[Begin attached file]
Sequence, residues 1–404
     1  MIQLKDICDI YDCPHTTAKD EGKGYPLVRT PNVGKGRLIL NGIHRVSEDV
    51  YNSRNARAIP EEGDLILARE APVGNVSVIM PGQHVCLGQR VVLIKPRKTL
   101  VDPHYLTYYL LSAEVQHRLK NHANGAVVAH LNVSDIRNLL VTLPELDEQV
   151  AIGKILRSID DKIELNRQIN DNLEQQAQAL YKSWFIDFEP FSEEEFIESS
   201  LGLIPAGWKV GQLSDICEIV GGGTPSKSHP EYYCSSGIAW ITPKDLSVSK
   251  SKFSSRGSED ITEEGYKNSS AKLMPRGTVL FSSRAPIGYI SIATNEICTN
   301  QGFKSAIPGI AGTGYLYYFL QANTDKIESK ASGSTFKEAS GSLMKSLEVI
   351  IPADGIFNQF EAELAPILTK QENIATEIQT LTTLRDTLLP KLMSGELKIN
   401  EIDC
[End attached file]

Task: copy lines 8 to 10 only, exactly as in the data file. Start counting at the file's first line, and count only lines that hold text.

   301  QGFKSAIPGI AGTGYLYYFL QANTDKIESK ASGSTFKEAS GSLMKSLEVI
   351  IPADGIFNQF EAELAPILTK QENIATEIQT LTTLRDTLLP KLMSGELKIN
   401  EIDC